RR: We have a double standard in America, but it's not about corporations per se. It's about the typically wealthy people who stand behind them as executives and large investors. They get bailed out, because the institutions they run or own are "too big to fail." Look at the 1998 bailout of the hedge fund Long Term Capital Management. Or the Chrysler bailout. Or the airline bailouts after 9/11. Look at the Fed's decision just yesterday to cut short-term interest rates. Look at how easily CEOs can put their companies into bankruptcy and wipe the slate clean (including labor contracts). On the other hand, if you're an average working person, conservatives immediately condemn any move to bail you out -- using the old argument of "moral hazard" (someone who's bailed out from bad decisions will make them again). Even when GW Bush announced his tiny plan to help a small portion of the millions of home owners who may lose their homes over the next year or two because of abusive lending practices, he warned that people should not be bailed out from the consequences of their bad mistakes in buying homes they should have known they can't afford. Shouldn't have known? The people who had the most knowledge and experience about the riskiness of these loans were the mortgage lenders, bankers, credit-rating agency personnel, and hedge fund executives. But the Fed is actively bailing all of them out. And if you're an average working person who's fallen on bad luck, the new bankruptcy law makes personal bankruptcy far harder to come by. Again, double standard.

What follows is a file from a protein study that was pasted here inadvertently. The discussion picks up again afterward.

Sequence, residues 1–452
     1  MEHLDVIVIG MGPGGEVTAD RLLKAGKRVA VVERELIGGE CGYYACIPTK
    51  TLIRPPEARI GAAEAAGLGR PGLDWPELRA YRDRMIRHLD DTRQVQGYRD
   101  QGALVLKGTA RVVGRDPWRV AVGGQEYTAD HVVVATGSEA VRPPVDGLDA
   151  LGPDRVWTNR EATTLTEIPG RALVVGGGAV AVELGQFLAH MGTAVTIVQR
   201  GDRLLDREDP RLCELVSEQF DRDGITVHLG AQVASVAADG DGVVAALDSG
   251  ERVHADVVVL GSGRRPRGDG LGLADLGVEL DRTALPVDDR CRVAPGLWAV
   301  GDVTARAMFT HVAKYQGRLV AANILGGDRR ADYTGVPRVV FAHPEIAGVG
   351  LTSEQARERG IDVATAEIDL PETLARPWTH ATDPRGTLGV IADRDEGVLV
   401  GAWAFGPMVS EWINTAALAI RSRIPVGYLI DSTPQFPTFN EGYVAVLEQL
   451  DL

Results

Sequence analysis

Why the double standard? Because large corporations wield extraordinary power in Washington. They, their PACs, their lobbyists, their lawyers, and their PR firms essentially run Washington.